According to biblical tradition, seven years is a Jubilee year, the year when slaves and prisoners would be freed and debts would be forgiven. I have wondered if I would feel a new sense of freedom from my grief now that seven years have gone by. I did not wake up feeling lighter like I was carrying less grief. Instead, I woke up in West Central Texas to a frigid cold, rainy, dreary day. Wintery weather is unusual for this time of year. Usually, we don’t get a freeze until November. At first, I thought that this weather was appropriate for the anniversary of Randy’s death on this day seven years ago. I liked the idea of my mood matching the weather. However, as I contemplated my mood, I realized that cold and dreary was not accurate. Today I woke up feeling grateful that I have a warm bed nestled in a warm house surrounded by my loving family. My family is not all in arm’s reach and looks very different than it did seven years ago. But never the less I feel surrounded. At the time of Randy’s death, my immediate family was Randy, Justin, and Wesley. Now it is Tony, Justin, Kara, baby JJ that is due to make an appearance in late February Wesley, and Maddie. Just as I could never have imagined Randy not being here, I could never have imagined the love I have for this family that did not exist in this form seven years ago. I spent the weekend with my now-four adult children reminiscing and realizing that although Randy is very far away and so much has changed after all these years. I still feel very close to him. Our kids are doing so well, and I loved the many adult conversations this past weekend, and I loved their opinions. I know without a doubt, Randy would be so proud of them. He was proud at every stage of their lives but would be bursting with love at the men they have become, and he would adore the women in their lives. Their thoughtfulness, intelligence, and humor never cease to amaze me. Our sons are so different from each other, yet I see many similarities to Randy in both of them.
I not only miss Randy’s presence, laughter, touch, but I also miss his opinions. I did not necessarily agree with him but loved hearing his perspective. When the pandemic first hit us, I thought about how my germaphobe husband would have reacted. Would he have had the same cavalier attitude he had to most danger or retreat to the hopeful safety of social distancing? I remember in the days after 9/11 when anthrax-filled letters were sent with their lethal spores; Randy was hyper-vigilant. He would not let me get the mail and wanted to inspect all packages. Randy did this with a great attitude and Eagle Scout determination. During flu season, he never went anywhere without a can of Lysol and all year round used hand sanitizer many times a day. During Y2K, he stocked up on Spam with the best of them. My best guess on his reaction to the global pandemic is that my brilliant husband would have devoured the scientific data. He was many things and had many careers, but was always a scientist. He majored in geology and minored in Chemistry before he earned his MBA. In my mind’s eye, I not only see him wearing a mask but also a HAZMAT suit every time he went to the store. I also see him loving the mandatory quarantines as an opportunity to finish the project. In my fantasy world, the project has countless possibilities. I cannot even guess what he would be doing in the last seven years, but he would do it passionately. Maybe he would still be painting and sculpting, or perhaps he would have become bored with that by now and moved on to a new invention or game obsession.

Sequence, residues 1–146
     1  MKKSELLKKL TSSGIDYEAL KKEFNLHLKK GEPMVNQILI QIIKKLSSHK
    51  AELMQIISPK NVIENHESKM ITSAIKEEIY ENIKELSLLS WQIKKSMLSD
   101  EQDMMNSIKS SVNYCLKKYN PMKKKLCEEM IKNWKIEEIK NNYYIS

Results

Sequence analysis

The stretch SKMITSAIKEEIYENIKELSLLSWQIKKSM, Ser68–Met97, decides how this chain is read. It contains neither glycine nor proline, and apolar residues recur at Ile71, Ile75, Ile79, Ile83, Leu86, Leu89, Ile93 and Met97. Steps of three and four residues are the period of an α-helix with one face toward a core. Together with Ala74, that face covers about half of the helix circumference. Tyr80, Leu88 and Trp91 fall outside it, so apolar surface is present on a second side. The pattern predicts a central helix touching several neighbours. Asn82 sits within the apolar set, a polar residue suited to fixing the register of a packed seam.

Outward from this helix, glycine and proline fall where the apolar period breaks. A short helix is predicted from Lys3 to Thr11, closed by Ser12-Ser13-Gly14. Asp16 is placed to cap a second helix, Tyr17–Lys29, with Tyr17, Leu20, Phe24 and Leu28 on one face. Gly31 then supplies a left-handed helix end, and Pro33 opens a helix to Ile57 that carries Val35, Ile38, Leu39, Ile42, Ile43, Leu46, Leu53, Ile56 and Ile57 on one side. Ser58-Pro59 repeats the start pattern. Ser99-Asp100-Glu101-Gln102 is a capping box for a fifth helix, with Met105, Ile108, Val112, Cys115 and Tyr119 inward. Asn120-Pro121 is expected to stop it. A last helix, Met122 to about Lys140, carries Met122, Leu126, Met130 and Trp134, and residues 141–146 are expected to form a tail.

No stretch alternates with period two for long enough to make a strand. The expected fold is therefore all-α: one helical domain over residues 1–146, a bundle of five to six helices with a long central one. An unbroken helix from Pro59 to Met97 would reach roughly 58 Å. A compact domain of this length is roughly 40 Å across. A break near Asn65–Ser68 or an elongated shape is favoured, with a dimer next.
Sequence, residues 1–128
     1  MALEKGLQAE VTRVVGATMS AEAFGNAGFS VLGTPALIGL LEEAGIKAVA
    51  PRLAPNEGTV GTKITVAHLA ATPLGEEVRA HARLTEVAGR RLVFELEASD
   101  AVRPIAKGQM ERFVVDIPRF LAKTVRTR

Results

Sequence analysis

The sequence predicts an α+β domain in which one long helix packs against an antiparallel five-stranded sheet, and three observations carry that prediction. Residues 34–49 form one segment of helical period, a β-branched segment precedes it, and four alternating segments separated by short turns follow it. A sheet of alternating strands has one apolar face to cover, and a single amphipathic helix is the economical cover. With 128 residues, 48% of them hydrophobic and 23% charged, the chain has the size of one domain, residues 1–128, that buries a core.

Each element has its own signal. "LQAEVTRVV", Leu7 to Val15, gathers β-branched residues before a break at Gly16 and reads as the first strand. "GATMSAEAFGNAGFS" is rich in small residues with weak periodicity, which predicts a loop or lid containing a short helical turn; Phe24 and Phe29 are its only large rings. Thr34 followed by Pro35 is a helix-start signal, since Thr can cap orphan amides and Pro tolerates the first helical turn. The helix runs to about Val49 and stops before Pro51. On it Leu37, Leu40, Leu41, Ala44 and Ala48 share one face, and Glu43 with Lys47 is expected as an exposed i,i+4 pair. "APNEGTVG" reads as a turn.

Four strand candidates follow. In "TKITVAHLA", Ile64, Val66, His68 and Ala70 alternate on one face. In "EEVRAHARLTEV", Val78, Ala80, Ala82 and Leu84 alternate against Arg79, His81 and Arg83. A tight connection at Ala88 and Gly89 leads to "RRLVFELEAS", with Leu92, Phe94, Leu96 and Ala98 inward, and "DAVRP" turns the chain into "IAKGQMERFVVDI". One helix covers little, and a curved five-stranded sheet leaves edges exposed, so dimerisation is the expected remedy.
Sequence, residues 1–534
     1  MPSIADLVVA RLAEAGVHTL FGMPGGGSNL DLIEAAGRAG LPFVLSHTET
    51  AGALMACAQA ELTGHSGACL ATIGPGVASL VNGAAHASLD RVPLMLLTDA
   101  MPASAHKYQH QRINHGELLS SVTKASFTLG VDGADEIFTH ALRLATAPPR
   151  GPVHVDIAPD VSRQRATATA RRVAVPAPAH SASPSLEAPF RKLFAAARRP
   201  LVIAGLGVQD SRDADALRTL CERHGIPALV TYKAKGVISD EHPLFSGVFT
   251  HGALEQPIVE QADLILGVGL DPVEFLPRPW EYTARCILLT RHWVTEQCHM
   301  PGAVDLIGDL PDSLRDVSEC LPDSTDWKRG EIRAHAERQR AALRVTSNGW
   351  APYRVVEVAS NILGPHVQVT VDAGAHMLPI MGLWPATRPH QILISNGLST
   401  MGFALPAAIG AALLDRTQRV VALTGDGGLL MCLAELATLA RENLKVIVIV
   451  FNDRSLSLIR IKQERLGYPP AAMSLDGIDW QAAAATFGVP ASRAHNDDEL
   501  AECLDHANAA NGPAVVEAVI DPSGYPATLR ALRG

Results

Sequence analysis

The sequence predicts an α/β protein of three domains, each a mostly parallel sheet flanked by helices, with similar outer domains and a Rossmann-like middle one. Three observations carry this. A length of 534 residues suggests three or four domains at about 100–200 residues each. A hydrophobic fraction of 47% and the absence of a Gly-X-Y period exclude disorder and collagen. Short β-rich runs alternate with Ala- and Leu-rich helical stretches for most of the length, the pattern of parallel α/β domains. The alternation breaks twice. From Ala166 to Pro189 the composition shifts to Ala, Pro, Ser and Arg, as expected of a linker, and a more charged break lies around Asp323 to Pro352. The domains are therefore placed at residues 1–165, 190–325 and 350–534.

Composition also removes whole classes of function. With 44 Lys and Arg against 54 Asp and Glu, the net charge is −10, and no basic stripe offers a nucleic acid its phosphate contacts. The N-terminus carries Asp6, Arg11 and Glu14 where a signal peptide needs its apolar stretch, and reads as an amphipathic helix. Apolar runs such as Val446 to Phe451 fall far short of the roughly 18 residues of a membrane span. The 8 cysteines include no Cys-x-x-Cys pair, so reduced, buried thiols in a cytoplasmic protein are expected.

I do know; however, he reacted to Covid-19; he would not have been fearful. In 1991 shortly after Justin, our oldest son, was born, Randy fell and tore his meniscus. He was still in the air force, and they made him go to an orthopedic air force hospital for knee surgery to correct the tear. I decided not to take him because I couldn’t leave my newborn son and did not think the hospital would allow a baby to be there. We arranged for a friend to drive him the three hours and drive him home two days later. After the surgery, he called and said, “There’s good news and bad news. My knee does not hurt anymore, but I think I am paralyzed.” The doctor told him that he would walk and feel his leg about two to three hours after the surgery. He was post-op twelve hours and still could not feel anything below the waist. He told me on the phone that he had a few moments of panic, but by the time I talked to him, he had already made peace with his life in a wheelchair. He saw himself being happy and fulfilled in any circumstance. He had a little stick shift economy car at the time and told me he would need to get a new vehicle retrofitted for a wheelchair. He told me not to worry that he would still help with the baby. Pragmatically I assured him that he would walk again, and I was right but never forgot his attitude during adversity.
As hard as the last seven years have been, I know I am one step closer to healing every day I get farther from October 26, 2013. Sadly, every day that I have more healing, I am one step farther from my life with Randy. I do not ever expect a cure, but I know that I am better at managing the grief symptoms than I thought I would be. As I remember Randy today and every day, I dedicate “Grief Survivor, a Love Story” not only to him but also to all the people who have lost someone and all the people supporting those who lost someone. I pray that my words can bring you closer to your year of Jubilee.